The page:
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No fork, no fire: Segwit2x's Nodes Block Abandoned Bitcoin Code

The Segwit2x bitcoin fork may have been officially disabled, but no less than 150 nodes running its code have stopped accepting transaction blocks.

Bitnodes data shows that 95 nodes are currently running 2x software and are blocked at block number 494,782. CoinDance, another network data site, reports that 154 nodes are running the "btc1" software at the time of going to press.

The situation is curious, given that the 2x range effort – advanced by a group of startups, miners and community supporters as a way to extend the transaction capacity of the bitcoin network – was effectively dissolved on 8 November. email sent to the project mailing list. Yet despite the abandonment, dozens of nodes continue to be exploited using the latest version of the btc1 software.

The break of day seems to stem from a problem in the code that was preventing miners from actually producing a block of more than 1 MB that would push the nodes using Segwit2x into its own chain. In the midst of increasing discussions about the project's Slack channel, developer Jeff Garzik has released a fix aimed at facilitating the creation of a larger transaction block (though in the absence of a single transaction). a solid mining support, it is unlikely that the network will advance).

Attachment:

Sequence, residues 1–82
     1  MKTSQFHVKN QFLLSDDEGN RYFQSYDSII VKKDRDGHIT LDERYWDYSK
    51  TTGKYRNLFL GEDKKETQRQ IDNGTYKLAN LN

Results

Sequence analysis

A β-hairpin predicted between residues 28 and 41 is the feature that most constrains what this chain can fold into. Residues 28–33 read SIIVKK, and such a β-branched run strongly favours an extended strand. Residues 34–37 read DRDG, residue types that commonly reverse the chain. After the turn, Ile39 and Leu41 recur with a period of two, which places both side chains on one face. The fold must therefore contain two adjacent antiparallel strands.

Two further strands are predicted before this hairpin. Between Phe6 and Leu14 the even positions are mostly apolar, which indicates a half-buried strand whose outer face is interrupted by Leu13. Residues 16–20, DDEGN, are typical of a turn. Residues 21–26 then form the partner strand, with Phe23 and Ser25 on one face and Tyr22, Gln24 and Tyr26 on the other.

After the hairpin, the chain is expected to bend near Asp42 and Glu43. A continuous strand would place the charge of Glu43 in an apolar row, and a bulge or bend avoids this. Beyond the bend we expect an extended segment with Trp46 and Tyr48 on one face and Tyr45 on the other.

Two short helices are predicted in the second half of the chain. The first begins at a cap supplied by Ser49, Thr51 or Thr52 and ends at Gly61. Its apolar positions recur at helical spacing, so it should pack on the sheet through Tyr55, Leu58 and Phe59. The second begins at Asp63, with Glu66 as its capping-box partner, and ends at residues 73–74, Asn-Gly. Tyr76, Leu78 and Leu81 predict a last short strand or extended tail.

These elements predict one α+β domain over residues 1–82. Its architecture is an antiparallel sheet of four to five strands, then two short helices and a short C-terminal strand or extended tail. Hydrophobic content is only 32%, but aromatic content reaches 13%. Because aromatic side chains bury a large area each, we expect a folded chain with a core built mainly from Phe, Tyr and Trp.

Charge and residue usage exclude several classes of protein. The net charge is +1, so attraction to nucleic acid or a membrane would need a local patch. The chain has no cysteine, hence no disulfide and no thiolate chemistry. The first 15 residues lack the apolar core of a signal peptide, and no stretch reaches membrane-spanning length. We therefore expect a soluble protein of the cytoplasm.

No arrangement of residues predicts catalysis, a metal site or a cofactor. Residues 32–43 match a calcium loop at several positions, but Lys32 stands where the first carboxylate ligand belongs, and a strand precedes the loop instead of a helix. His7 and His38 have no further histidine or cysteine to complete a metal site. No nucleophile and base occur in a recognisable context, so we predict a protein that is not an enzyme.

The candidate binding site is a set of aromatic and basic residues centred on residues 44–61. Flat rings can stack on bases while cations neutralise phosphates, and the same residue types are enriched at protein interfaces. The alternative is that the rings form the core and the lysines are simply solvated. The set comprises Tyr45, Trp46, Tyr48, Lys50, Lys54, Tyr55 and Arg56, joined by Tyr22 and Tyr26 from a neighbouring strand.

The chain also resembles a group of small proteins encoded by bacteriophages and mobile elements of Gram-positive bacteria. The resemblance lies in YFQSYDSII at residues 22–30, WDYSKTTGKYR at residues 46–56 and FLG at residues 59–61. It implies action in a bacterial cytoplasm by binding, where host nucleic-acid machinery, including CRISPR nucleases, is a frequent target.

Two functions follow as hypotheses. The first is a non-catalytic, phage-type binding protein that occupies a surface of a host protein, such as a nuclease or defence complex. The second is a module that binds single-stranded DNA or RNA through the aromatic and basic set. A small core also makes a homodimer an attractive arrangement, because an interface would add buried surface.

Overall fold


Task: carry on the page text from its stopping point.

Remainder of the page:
And even though the Segwit2x range itself will not go forward, the development of today has revived some of the acrimony among those who supported the effort and those who opposed it vehemently.

A particular restraint point is the exact block number at which the range was supposed to activate.

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Previous documents indicate that this block would have been 494,784, which leads critics to say that the developer Garzik made an "off-by-one" error and that the nodes considering drilling might have been caught in limbo. Garzik, in turn, argued that the code works as expected in the absence of significant hash power.

It also remains to be seen if some of the nodes in question see their software changed. Bitnodes' data suggests that a number of them reside on hosting services from companies like Amazon and Alibaba.

So unless this block greater than 1 MB arrives, the nodes that run the software will have to keep waiting.

Disclosure: CoinDesk is a subsidiary of Digital Currency Group, which helped to arrange the Segwit2x agreement.

Image of the frozen clock via Shutterstock

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